In fact, the Modi government is seriously into looking at the process of privatizing many of the oil majors and some are having very serious discussions with Russian companies to see if some of these stakes can be acquired by Russian companies. Likewise, Delhi is looking at long-term arrangements for the supply of coking coal from Russia for Indian steel plants.

It may be noted here that one of the reasons for the non-realization of the vast potentials in this far-flung part of Russia is the lack of suitable connectivity for exports. Realizing this handicap, India and Russia are now working on a priority for durable alternatives to the limited and expensive traditional routes in the forms of the International North-South Transport Corridor and the Eastern Maritime (Chennai-Vladivostok) Corridor. These are expected to overcome the logistical challenges posed by geographical distance.

They have already started a shipping line between Vladivostok and Chennai, a new trade route (taking 24 to 25 days to be covered), which was never there.

The International North-South Transport Corridor (INSTC) is the ship, rail, and road route for moving freight between India, Russia, Iran, Europe, and Central Asia. This project, the brainchild of India, Iran, and Russia, was signed on May 16, 2002, but is far from complete. India attaches high priority to it, for it will prove to be the linkage between its Look East-turned Act East and Look West policies.

INSTC will be a multi-modal transportation route linking the Indian Ocean and the Persian Gulf to the Caspian Sea via Iran, and then onwards to northern Europe via St. Petersburg in Russia.

As has been noted, in all this exploration of Russian minerals and development of the necessary infrastructure, India is also seeking Japan’s cooperation and partnership, which, in turn, has been encouraged by President Putin. In fact, the first Track-II Dialogue on ‘India-Japan-Russia Cooperation in the Russian Far East’ was held In January 2021 in the virtual format. It has identified potential areas for trilateral cooperation.

And these collaborations could also extend to the Arctic region, one of the world’s richest sources of minerals, including oil and gas. Russian energy firm Gazprom Neft and others have already expressed interest in working with India.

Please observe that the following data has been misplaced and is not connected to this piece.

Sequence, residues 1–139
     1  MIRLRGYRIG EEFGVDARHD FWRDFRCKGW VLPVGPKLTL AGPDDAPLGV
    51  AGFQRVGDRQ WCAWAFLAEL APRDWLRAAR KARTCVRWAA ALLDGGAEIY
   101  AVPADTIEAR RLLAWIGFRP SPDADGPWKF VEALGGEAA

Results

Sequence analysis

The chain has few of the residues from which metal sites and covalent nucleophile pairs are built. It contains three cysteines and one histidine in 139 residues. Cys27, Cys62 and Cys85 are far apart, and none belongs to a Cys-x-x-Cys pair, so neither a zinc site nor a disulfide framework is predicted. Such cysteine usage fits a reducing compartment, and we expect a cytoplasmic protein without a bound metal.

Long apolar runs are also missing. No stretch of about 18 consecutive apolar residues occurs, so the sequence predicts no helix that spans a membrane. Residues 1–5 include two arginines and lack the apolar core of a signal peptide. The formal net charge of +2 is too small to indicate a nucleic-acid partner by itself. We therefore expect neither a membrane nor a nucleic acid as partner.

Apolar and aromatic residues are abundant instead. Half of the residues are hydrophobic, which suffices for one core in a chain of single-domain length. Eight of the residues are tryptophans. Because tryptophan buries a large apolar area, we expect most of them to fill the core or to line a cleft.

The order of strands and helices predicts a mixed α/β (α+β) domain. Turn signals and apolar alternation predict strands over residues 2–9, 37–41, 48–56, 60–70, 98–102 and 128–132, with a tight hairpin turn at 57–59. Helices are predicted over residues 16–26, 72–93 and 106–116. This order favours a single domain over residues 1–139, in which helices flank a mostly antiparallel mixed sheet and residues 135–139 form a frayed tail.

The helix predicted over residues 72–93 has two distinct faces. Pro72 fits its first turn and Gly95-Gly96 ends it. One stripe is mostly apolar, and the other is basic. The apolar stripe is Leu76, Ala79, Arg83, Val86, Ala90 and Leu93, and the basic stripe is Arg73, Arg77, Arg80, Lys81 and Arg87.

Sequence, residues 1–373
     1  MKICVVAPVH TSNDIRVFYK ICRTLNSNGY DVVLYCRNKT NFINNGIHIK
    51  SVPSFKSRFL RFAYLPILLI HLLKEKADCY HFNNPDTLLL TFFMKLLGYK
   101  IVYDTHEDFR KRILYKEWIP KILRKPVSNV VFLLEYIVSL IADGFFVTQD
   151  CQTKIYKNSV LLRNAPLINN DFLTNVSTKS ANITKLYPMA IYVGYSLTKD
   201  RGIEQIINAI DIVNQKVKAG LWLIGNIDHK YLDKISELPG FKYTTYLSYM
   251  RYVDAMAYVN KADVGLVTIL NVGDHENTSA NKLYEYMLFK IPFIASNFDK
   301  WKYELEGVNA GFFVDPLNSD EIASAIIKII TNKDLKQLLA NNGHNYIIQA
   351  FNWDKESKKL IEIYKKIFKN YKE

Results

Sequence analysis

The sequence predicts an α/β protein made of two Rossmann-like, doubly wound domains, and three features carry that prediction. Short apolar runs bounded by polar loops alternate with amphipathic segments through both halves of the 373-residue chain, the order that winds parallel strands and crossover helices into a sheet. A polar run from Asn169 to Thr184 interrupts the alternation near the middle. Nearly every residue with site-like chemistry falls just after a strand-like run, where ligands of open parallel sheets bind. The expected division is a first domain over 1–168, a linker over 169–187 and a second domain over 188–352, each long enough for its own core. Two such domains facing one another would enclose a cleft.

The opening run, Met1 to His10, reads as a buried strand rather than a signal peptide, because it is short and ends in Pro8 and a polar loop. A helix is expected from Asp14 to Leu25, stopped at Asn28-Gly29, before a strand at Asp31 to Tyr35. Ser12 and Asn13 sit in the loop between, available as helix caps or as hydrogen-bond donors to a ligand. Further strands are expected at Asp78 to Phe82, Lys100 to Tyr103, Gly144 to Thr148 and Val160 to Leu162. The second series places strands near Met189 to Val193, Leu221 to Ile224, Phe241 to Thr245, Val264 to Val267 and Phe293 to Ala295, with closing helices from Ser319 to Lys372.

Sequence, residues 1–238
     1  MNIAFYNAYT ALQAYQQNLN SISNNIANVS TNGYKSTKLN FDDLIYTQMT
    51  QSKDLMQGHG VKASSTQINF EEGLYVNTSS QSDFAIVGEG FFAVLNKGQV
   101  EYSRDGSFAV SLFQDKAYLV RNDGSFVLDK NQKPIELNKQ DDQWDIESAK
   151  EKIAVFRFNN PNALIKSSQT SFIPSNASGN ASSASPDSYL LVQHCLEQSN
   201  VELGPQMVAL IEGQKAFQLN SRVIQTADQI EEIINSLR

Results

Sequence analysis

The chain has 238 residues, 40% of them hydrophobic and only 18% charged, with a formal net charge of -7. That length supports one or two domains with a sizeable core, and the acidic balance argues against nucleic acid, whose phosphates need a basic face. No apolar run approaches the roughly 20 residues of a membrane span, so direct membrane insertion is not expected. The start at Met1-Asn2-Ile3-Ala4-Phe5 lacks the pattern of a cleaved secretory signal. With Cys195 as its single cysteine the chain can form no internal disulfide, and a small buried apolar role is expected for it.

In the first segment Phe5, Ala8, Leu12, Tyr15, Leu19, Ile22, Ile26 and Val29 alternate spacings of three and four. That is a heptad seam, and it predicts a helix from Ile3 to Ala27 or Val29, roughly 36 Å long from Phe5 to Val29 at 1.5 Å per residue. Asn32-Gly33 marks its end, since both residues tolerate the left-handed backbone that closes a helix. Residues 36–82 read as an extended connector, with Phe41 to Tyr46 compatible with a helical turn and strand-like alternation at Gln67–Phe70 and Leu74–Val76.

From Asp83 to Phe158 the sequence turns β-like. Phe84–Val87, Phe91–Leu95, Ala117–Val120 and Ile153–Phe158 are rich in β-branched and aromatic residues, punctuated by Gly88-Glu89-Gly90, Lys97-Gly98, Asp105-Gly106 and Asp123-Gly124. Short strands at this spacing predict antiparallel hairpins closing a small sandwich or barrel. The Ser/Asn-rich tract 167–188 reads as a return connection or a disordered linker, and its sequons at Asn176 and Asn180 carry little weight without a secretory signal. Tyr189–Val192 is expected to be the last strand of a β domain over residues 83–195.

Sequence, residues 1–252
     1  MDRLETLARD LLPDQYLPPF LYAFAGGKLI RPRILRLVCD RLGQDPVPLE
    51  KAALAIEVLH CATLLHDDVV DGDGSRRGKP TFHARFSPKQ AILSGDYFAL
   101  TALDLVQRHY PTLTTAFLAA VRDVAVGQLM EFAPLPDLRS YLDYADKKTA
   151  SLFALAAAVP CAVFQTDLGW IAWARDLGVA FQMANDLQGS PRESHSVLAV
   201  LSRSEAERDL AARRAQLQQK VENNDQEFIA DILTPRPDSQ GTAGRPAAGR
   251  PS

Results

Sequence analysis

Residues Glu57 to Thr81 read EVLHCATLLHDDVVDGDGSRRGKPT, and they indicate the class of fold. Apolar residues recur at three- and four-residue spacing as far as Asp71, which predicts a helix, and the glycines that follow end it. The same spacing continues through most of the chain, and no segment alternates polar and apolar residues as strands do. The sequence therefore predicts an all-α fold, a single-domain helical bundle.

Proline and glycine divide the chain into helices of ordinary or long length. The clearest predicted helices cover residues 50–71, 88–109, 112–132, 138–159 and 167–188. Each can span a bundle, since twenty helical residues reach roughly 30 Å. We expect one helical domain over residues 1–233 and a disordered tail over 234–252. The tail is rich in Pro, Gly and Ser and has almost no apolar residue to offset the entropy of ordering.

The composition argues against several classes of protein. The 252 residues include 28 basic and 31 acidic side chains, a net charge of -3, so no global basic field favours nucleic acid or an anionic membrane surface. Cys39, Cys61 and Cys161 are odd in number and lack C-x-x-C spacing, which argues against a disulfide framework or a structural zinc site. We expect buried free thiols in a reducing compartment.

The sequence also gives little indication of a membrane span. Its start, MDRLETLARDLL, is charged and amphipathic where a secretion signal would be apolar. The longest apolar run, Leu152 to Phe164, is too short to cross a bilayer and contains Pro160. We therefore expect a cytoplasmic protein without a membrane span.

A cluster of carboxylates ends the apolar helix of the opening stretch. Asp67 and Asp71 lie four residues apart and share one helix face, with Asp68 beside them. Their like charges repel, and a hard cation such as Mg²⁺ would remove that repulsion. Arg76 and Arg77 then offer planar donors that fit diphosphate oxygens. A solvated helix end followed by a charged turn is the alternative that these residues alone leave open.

Russian gas producer Novatek firm is now working on a new Arctic LNG 2 project and plans to work on the future project, Arctic LNG 3. It is estimated that Arctic LNG 2 will have a capacity of 19.8 million tons of LNG per annum when it becomes operational in 2022-23.

As an observer country in the Arctic Council, India is keen on greater engagement with Russia in the Arctic region. It is already an active participant in the “International Arctic Forum” being organized by Russia. In fact, India is looking forward to Russia’s chairmanship of the Arctic Council later this year.

Strategic analysts say that Russia wants India’s investments in its Far East and the Arctic because many Western investors are reluctant to finance projects in the Russian energy sector and Russia does not want to be over-dependent on China for this purpose.

All told, Russia and China have been geopolitical rivals for ages and the former is always worried about the heavy Chinese immigration to its sparsely populated territory from across what was not long ago a highly disputed border, with the two countries going for a short war in 1969. This will not be the case with the Indian labor which will eventually return home.

According to Artyom Lukin, deputy director for research at Far Eastern Federal University in Vladivostok, Moscow’s courtship of New Delhi is primarily about hedging risks. “Russia wants to insure and diversify its energy customer base to not depend exclusively on Europe and China — our two biggest buyers,” he says, adding “We, of course, would like for India to become the third major customer for our hydrocarbons.”

Lukin also points out that from Russia’s geopolitical standpoint, India had certain advantages over Europe and China as an energy partner for Russia, because it has no political objections to Russian entities buying shares in their oil companies.

For India, the opportunities in this region will help its pursuit of strategic energy autonomy by diversifying its energy sources.

Viewed thus, if everything goes well then energy has every reason to become the main driver of India-Russia strategic ties.